The Vatican's doctrine congregation has issued a strongly worded condemnation of euthanasia describing it as an “act of homicide” while ruling that those planning to end their lives should not receive the sacraments.
A new document from the Congregation for the Doctrine of the Faith sets out the Church’s long-held opposition to deliberately ending a person’s life who is suffering but does so in markedly tougher language than in the past.
“Euthanasia, therefore, is an intrinsically evil act, in every situation or circumstance,” the text titled Samaritanus Bonus (The Good Samaritan), states.
“Euthanasia is an act of homicide that no end can justify and that does not tolerate any form of complicity or active or passive collaboration. Those who approve laws of euthanasia and assisted suicide, therefore, become accomplices of a grave sin that others will execute.”
The document, which focuses on “the care of persons in the critical and terminal phases of life”, examines a range of end of life issues including palliative care, children born with an illness which means they are unlikely to live long, and pastoral care for the dying. It was approved by Pope Francis on 25 June 2020.
While the Church does not permit any action that would artificially end lives, official teaching contained in the catechism points that “discontinuing medical procedures that are burdensome, dangerous, extraordinary, or disproportionate to the expected outcome can be legitimate; it is the refusal of “over-zealous” treatment.” The intention, however, must not be to cause death.
Presenting the document at a Vatican press conference this morning Cardinal Luis Ladaria, the Prefect of the Congregation for the Doctrine of the Faith, told reporters the document “seemed appropriate and necessary” given the increasing numbers of countries who have legislated for euthanasia and assisted suicide.
Although euthanasia remains illegal in the UK, there has been pressure to change the law, which would follow a number of European countries. In February, lawmakers in Portugal approved legislation would decriminalise euthanasia and assisted suicide. Several states in the US also permit the practice.
The doctrine body’s text says hospital chaplains should not offer the sacraments, including confession and anointing of the sick, to those who have decided to ask for euthanasia or assisted suicide.
“The confessor must be assured of the presence of the true contrition necessary for the validity of absolution,” it states.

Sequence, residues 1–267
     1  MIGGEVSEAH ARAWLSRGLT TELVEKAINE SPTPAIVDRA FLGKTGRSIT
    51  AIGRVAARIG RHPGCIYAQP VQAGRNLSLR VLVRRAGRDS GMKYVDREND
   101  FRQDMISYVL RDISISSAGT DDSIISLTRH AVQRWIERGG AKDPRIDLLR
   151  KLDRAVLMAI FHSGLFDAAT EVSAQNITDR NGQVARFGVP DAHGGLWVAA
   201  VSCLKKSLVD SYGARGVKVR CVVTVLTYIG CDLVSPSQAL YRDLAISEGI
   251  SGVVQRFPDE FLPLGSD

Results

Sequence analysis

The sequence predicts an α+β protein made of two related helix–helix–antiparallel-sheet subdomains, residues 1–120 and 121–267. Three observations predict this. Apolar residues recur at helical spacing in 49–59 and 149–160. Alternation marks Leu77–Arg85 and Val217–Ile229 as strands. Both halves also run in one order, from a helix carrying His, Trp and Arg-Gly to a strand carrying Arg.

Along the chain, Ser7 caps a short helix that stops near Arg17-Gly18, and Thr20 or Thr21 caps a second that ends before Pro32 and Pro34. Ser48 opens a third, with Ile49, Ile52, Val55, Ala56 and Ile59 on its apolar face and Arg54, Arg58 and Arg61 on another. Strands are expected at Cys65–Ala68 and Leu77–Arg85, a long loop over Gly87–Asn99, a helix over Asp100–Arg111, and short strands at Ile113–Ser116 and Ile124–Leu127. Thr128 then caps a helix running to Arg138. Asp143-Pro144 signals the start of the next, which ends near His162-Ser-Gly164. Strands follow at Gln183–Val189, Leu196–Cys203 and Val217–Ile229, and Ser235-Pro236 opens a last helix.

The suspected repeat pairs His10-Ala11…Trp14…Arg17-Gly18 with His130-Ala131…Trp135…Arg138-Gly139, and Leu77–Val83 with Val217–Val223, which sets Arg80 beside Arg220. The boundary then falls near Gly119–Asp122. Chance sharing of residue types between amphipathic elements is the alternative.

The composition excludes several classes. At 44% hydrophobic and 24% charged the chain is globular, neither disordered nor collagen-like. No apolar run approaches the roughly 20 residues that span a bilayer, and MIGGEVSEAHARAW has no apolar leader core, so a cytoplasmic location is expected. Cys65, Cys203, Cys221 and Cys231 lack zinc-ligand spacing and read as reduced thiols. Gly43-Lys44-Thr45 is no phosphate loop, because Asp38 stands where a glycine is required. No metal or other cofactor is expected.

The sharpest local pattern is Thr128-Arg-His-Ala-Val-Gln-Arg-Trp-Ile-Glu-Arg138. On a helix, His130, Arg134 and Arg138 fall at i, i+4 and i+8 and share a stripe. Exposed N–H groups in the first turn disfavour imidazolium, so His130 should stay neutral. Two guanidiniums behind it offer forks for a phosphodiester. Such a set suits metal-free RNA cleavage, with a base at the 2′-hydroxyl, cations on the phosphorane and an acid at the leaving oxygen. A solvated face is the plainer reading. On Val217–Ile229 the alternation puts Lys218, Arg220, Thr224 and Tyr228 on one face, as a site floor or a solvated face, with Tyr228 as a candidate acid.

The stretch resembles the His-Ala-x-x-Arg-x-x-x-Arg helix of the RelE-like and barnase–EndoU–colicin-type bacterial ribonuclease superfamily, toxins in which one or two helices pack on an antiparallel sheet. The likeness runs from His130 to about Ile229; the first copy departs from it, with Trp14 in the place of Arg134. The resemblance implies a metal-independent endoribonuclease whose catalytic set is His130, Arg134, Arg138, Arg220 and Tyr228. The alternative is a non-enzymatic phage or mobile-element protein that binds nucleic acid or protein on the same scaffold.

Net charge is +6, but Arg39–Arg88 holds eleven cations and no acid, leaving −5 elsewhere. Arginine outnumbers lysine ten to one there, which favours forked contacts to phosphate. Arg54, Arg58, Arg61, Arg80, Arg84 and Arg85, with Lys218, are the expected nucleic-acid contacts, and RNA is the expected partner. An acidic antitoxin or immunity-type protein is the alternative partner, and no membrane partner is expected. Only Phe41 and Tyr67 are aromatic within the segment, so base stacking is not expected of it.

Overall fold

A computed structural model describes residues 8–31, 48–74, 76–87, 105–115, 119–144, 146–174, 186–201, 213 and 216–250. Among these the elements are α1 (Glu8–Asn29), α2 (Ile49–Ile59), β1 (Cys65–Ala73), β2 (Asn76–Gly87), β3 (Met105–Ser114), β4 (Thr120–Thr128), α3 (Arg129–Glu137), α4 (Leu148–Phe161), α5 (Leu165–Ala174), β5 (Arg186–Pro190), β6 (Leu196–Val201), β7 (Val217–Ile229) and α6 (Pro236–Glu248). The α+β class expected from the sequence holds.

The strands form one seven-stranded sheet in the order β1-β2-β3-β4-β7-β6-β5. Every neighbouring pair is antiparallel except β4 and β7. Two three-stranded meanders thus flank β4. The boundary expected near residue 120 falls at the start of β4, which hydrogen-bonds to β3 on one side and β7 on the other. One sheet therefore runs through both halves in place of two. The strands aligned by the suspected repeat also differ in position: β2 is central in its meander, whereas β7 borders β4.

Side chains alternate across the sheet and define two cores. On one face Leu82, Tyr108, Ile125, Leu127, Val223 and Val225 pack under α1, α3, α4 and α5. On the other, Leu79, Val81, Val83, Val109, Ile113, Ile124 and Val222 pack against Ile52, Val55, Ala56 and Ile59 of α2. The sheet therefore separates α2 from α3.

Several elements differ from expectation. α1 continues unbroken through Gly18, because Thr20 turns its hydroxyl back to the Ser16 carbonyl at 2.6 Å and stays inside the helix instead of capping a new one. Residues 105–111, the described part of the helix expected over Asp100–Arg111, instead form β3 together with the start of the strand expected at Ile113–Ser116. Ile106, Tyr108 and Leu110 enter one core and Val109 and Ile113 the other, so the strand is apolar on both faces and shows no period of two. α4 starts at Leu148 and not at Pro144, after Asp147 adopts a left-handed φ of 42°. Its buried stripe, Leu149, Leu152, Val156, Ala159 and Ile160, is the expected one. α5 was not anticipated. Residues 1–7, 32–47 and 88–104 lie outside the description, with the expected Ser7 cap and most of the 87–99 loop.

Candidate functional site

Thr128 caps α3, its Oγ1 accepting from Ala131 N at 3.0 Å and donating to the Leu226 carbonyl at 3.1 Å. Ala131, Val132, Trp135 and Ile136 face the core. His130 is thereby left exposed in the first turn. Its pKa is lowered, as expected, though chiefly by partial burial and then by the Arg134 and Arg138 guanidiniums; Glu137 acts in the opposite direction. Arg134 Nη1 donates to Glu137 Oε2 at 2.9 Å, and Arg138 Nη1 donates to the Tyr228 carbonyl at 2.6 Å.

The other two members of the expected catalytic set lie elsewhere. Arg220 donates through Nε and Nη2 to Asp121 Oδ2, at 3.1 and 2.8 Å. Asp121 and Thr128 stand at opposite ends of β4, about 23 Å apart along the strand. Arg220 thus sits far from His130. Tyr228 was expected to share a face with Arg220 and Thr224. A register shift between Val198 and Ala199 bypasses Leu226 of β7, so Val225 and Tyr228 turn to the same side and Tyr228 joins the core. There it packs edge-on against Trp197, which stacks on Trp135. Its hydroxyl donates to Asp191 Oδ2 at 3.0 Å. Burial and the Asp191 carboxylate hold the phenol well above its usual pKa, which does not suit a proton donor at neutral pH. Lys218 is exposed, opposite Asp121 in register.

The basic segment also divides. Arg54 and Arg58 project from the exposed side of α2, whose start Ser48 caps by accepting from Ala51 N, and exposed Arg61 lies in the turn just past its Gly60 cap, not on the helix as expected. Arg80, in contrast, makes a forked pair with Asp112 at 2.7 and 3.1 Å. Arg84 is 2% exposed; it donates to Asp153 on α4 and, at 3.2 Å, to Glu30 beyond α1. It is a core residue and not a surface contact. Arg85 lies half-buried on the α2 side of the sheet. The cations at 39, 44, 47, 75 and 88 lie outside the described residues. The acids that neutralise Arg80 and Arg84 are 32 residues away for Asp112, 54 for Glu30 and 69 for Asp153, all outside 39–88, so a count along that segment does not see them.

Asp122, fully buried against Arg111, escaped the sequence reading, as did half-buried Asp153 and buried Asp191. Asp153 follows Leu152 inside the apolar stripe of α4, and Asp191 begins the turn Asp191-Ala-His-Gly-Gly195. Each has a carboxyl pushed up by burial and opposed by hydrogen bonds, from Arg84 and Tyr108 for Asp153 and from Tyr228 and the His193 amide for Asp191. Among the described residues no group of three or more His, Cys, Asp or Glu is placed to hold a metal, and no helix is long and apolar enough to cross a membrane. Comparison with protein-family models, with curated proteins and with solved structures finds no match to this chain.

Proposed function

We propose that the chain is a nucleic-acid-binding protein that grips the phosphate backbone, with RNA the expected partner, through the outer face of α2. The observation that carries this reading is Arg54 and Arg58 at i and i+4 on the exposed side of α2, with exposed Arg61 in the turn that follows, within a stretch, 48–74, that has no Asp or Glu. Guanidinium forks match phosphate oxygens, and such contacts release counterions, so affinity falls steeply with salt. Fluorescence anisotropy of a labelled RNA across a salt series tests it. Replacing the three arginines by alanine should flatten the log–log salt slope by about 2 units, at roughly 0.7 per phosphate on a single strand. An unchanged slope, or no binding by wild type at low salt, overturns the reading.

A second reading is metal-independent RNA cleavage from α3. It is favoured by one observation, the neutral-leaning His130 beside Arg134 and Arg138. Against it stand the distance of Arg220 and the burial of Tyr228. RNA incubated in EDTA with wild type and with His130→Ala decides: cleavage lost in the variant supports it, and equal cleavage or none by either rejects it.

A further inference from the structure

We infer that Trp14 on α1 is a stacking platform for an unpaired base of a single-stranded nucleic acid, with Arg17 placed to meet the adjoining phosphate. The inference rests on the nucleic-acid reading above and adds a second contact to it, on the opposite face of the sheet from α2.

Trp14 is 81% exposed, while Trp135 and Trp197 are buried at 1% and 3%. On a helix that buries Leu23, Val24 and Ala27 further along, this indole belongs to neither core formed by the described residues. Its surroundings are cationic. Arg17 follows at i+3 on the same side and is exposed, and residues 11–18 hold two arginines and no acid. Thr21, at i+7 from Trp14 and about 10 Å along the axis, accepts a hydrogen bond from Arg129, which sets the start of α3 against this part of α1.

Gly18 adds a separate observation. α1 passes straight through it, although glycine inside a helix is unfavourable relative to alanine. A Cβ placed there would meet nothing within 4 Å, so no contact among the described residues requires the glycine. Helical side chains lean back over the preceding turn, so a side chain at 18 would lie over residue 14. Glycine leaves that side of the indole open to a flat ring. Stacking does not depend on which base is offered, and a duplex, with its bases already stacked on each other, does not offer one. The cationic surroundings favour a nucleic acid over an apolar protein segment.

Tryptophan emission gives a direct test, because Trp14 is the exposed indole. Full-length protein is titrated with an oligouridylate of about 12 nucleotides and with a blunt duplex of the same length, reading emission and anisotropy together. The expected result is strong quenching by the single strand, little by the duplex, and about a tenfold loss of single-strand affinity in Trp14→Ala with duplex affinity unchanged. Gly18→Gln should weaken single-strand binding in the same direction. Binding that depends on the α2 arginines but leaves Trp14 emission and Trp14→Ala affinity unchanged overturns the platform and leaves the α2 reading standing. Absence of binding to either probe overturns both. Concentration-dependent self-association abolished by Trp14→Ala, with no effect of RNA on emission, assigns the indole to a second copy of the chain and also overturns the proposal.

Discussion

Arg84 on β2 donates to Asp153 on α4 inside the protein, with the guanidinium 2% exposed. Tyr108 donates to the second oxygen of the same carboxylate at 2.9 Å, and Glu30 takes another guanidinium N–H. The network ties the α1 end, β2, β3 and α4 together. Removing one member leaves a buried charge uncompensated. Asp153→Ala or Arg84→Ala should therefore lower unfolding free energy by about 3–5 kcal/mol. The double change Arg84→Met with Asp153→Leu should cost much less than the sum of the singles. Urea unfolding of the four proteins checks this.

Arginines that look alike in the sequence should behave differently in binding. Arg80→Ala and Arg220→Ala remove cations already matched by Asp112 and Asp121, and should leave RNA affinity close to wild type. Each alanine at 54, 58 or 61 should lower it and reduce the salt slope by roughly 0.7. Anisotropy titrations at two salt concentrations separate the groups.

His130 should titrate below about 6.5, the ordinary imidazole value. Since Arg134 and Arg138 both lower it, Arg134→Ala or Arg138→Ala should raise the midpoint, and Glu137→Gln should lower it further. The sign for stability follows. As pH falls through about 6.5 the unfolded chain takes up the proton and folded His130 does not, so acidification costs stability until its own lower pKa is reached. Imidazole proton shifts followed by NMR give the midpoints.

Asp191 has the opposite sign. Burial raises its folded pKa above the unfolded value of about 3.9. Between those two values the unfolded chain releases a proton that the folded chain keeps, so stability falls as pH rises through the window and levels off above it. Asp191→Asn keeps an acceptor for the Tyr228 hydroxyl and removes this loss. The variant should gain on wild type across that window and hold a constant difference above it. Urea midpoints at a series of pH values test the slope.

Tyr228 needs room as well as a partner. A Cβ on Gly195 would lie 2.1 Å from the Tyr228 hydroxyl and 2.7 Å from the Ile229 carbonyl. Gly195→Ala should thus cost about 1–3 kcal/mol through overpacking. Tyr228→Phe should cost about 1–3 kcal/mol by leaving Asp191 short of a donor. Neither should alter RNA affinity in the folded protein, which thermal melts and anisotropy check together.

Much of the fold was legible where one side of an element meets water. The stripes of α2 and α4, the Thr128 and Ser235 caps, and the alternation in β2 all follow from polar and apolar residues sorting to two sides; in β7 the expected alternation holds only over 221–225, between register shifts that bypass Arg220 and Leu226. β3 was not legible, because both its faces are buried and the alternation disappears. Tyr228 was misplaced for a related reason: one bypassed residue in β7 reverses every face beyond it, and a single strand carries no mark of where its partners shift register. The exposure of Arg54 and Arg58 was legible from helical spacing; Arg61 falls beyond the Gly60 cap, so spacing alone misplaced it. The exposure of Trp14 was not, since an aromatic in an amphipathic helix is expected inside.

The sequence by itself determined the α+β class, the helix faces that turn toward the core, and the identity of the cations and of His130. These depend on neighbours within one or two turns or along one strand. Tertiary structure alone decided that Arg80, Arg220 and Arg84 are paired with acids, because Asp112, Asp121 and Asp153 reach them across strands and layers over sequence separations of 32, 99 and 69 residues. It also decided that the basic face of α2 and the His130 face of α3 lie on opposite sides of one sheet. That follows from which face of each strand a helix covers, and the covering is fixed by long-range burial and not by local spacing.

“In this situation, we find ourselves before a person who, whatever their subjective dispositions may be, has decided upon a gravely immoral act and willingly persists in this decision. Such a state involves a manifest absence of the proper disposition for the reception of the Sacraments of Penance, with absolution, and anointing with Viaticum.”
The document stresses the importance of accompaniment for people in the final stages of their life, which it likens to being present with Jesus at the foot of the cross. It stresses that the “hope which Christ communicates to the sick and the suffering is that of his presence, of his true nearness”.
Elsewhere, the text states that those in a vegetative state have “the right to nutrition and hydration, even administered by artificial methods” adding that “the suspension of futile treatments must not involve the withdrawal of therapeutic care”.
On children born with illnesses which are “incompatible with life” the congregation says they should be “accompanied like any other patient until they reach natural death”.
Two years ago the Vatican became involved in the case of Alfie Evans, a terminally ill toddler who died on 28 April 2018 following a legal dispute over his life-support treatment.
“The ethical/juridical concept of ‘the best interest of the child' – when used in the cost-benefit calculations of care – can in no way form the foundation for decisions to shorten life in order to prevent suffering if these decisions envision actions or omissions that are euthanistic by nature or intention,” the text explains.
Professor David Albert Jones, director of the Anscombe Bioethics Centre, said: “A key message of this document is that euthanasia is incompatible with palliative care. It points to the corruption of palliative care by euthanasia, calling it ‘a socially irresponsible threat to many people, including a growing number of vulnerable persons who needed only to be better cared for and comforted but are instead being led to choose euthanasia and suicide’.
He continued: “Whereas authentic palliative care offers both relief of symptoms and emotional solidarity with those who are suffering, euthanasia is effectively an admission of hopelessness. How could this not undermine the relationship of care, especially for someone in a vulnerable and fragile state?
“We see this from the real-life experience of countries where palliative care has been undermined and hospices have no longer been able to reassure patients that their role is to support people to live well in the last phase of their life, not to end that life prematurely. In Belgium, and now also in Canada, healthcare professionals and charitable institutions are effectively being required to facilitate euthanasia and assisted suicide both for people with physical and with mental illnesses, and both for those who are dying and for those who are disabled.”